Pseudo-exfoliation syndrome: An old problem with an updated context

As with most fields within science and technology, ophthalmology continues to make steady progress in our awareness, understanding, detection and management of major eye diseases. This is also the case with pseudo-exfoliation syndrome (PES, often also referred to as PEX) and PES-related ocular pathology. The condition was described more than a century ago and given its current name more than 50 years ago. In addition, recent times have seen major advances in assessing the genetic and biochemical signatures of the condition. As someone with a particular interest in the overlap between complex anterior segment surgery and vitreoretinal procedures, I had to first ask myself whether anything truly useful could be said about this condition at this point? Perhaps starting with a contextual update will provide the necessary perspective.

The skill and art of planning LASIK: Trends in screening

It is generally accepted that the cornea’s shape determines its refractive properties but more recently we have come to understand that the biomechanics of the cornea determine its shape and so in turn the biomechanics determine the refractive properties of the cornea. This gave way to the OCULUS Corvis diagnostic machine which is a dynamic test that involves applying a force, in the form of a puff of air, to the cornea to measure its response to force which can be used to estimate its biomechanical properties. With this we now have an additional screening tool to safeguard against doing refractive procedures on patients who are at risk of developing ectasia after the procedure. There is currently much room for interpretation when it comes to the results of a Corvis Biomechanical Index (CBI) and Topographic Biomechanical Index (TBI) that the OCULUS Corvis gives us. Propitiously we are seeing rapid developments of approaches for interpretation that may soon allow us to have a more definite screening method. At this stage however the OCULUS Corvis test results need to be looked at in the context of other test results to make decisions on the candidate’s suitability for LASIK.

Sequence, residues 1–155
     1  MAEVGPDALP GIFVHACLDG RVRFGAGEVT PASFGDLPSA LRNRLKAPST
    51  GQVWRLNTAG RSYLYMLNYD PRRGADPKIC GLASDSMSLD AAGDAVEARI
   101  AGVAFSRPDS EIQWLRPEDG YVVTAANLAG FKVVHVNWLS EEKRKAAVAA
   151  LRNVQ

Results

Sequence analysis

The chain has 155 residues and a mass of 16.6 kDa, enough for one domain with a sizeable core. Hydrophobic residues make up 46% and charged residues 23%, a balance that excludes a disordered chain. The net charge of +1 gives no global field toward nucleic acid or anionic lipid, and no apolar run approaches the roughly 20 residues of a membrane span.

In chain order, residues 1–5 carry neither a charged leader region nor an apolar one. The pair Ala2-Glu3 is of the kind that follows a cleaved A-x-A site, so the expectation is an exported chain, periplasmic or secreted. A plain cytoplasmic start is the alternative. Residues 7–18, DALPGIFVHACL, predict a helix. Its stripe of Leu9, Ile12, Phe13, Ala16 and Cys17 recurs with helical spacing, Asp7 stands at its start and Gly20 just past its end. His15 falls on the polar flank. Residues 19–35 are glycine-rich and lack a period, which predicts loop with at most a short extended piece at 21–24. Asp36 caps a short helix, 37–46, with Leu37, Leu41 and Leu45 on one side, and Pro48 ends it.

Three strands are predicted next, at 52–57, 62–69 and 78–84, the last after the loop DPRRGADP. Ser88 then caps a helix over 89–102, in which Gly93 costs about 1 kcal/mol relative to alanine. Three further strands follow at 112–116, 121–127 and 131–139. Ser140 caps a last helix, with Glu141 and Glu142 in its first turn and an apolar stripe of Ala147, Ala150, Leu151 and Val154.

The role of the ocularist in patients who have lost an eye

The ocularist’s domain is the eye socket and blinded phthysical eye. An ocularist manufactures and fits ocular prosthetics for a patient who has lost an eye or eyes through evisceration or enucleation as well as fitting a scleral shell prosthesis over the blind phthysical eye or a blinded eye with an irregular cornea where a coloured contact lens wouldn’t fit effectively. Our eyes are hand-painted and sculpted to fit the socket/eye by taking an impression of the socket and working on a copy of this shape with adjustments to the front surface and into the fornices to manipulate the soft tissue in the socket and lids to enable the best final shape, size, comfort and movement possible. We also utilise prefabricated stock eyes only in dark brown iris shades as the blues and greens are much too expensive to import for the South African market. 


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Ophthalmic Opinion - Vol 5 No 2 - 2022